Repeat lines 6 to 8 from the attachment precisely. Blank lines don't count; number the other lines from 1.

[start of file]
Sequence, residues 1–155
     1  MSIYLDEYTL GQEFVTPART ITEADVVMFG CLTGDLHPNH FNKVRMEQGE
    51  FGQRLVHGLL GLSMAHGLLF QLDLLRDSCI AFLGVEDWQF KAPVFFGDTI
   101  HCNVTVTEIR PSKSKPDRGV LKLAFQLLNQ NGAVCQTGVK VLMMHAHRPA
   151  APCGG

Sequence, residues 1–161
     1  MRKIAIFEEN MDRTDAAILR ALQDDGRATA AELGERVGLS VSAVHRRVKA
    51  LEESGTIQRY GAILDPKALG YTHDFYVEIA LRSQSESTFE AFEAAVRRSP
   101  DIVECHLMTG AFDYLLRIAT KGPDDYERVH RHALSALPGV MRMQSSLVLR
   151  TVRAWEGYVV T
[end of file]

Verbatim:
Sequence, residues 1–161
     1  MRKIAIFEEN MDRTDAAILR ALQDDGRATA AELGERVGLS VSAVHRRVKA
    51  LEESGTIQRY GAILDPKALG YTHDFYVEIA LRSQSESTFE AFEAAVRRSP